iPhone Insecurity? You Need to Do This If You're An Apple User


NEW YORK (MainStreet) — On Friday Apple dropped a frightening bomb that could explode in the hands of many millions of iPhone, iPad, and iPod Touch users. A flaw, baked into the latest mobile operating system iOS 7, potentially could give a hacker plain visibility into your email and other messages you otherwise had reason to believe were transmitted in an encrypted (Secure Socket Layer) format.

Guess what: that SSL interface apparently had failed in this iOS version.

It gets worse: Apple also said a similar vulnerability exists is its OS X operating system for desktop and laptop computers.

Apple on Friday issued a patch for its mobile iOS flaw. The OS X patch has yet to be released.

Questions explode: how much risk have you incurred? What do you need to do now? Should you download - and trust -- the patch?

According to CrowdStrike, a security company that has blogged extensively about this iOS vulnerability, in a worst case scenario a criminal could exploit that flaw and literally take control of a victim's device.

In other scenarios, the flood of private data going out of the phone - such as email, Tweets and Web browsing - would be visible to an attacker.

How did this happen? How did Apple fumble security so grievously? Pierluigi Stella, chief security officer at security company Network Box USA, said that the flaw is "the fruit of what appears to be a gross programming oversight. Apple themselves admit that the issue is caused by a 'failure to validate the authenticity of the connection.' Wow Apple; where were you when this code was being written?"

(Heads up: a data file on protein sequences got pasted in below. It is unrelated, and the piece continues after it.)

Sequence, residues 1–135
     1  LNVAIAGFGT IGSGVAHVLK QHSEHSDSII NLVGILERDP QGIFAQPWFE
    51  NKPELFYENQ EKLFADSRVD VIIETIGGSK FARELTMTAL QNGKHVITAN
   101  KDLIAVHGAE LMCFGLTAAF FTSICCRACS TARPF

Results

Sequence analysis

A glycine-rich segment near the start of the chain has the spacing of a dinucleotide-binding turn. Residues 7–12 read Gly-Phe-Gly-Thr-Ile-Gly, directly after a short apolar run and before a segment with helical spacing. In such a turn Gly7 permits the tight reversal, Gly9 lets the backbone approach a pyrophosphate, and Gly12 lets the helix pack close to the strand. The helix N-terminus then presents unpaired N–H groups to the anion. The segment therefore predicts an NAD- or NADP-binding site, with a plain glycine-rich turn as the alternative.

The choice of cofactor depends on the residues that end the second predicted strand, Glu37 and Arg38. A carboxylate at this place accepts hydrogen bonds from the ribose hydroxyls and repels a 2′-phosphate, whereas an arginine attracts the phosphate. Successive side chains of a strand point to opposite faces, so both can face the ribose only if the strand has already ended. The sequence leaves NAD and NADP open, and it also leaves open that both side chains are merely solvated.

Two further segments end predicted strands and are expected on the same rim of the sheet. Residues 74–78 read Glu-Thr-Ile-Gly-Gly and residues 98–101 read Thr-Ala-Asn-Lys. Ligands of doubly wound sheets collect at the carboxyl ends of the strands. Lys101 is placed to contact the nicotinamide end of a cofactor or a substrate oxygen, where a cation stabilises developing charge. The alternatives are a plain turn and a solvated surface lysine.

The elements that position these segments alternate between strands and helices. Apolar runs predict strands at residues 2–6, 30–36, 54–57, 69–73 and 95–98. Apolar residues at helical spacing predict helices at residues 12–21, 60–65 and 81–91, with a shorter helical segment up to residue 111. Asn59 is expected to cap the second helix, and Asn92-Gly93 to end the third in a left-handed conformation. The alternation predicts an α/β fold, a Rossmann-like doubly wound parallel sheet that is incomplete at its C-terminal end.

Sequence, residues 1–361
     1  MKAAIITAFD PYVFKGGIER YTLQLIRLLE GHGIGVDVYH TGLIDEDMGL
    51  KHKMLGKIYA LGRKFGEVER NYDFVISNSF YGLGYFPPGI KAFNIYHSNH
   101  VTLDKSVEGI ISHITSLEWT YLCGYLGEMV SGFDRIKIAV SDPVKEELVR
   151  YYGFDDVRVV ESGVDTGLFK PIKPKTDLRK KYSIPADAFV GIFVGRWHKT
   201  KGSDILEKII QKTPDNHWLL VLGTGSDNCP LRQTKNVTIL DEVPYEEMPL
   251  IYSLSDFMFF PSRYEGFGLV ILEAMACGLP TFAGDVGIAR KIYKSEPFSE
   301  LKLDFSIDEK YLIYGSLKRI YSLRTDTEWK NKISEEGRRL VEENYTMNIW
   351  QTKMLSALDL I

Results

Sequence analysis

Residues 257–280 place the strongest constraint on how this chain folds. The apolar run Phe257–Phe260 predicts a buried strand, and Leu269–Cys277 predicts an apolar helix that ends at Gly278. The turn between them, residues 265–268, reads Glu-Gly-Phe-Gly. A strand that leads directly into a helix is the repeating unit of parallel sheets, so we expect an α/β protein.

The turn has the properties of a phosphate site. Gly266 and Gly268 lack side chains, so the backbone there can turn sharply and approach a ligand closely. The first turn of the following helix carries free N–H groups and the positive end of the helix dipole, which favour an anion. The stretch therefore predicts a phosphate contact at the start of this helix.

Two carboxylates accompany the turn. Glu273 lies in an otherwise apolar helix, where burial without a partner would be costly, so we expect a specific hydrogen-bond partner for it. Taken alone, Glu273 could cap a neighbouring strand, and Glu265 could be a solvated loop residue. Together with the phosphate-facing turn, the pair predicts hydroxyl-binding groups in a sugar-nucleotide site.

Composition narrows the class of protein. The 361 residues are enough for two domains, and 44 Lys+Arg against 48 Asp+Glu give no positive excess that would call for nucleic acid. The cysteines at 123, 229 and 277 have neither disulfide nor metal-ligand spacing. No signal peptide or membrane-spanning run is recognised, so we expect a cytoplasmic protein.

As for your personal vulnerability, do note: this flaw kicks in only if an attacker has control of the same transmission network you are using (typically WiFi, although some researchers say the same access could be gotten by a criminal who has control over a cellular data network). In practical terms, this means if you have used public WiFi - at a coffee shop, in an airport, at a hotel, in a university cafeteria - you may have had data intercepted and an attacker may have gotten significant visibility into your device.

If you never use public WiFi and have only used your carrier's cellular data network, there are no worries.

What if you have walked on the wireless wild side, frequently using WiFi, both to save money and also in many cases to gain speed? That does not mean you have been compromised. What it does mean is that good advice is to think back to the when and where of public WiFi usage - and then did anything unusual happen?

Heavy users of public WiFi are advised by many security experts to download that iOS security patch but also to change all important passwords. Changing the passwords is a prophylactic measure but the truth is, many security experts advise doing it every month anyway, just as a precaution in an era of ever more breaches.

Don't think that because you use a lot of public WiFi that you are necessarily toast. Security expert Philip Lieberman said, "The flaw is real, but the probability of this flaw being exploited is extremely low."

His contention: a hacker would need real skill and a certain amount of luck to exploit that flaw - real as it is - in ways that cause meaningful harm to victims. Lieberman is not dismissing the dangers, and he urged users to download the security patch, but his point is that "the planets need to align" for a criminal to make profitable use of the flaw against a particular user.

You haven't downloaded the patch (it takes just a few minutes)? Advice from Tanuj Gulati, Founder/Chief Technology Officer, Securonix is, "Treat any unpatched device the same way you would treat a public computer."

Don't do banking, don't do anything that requires high security on an unpatched device, he said.

Some experts also advise shifting off Apple's Safari browser, at least temporarily on OS 10 systems.

Bottomline: download the patch, asap, and probably you will be fine. Probably.

--Written by Robert McGarvey for MainStreet

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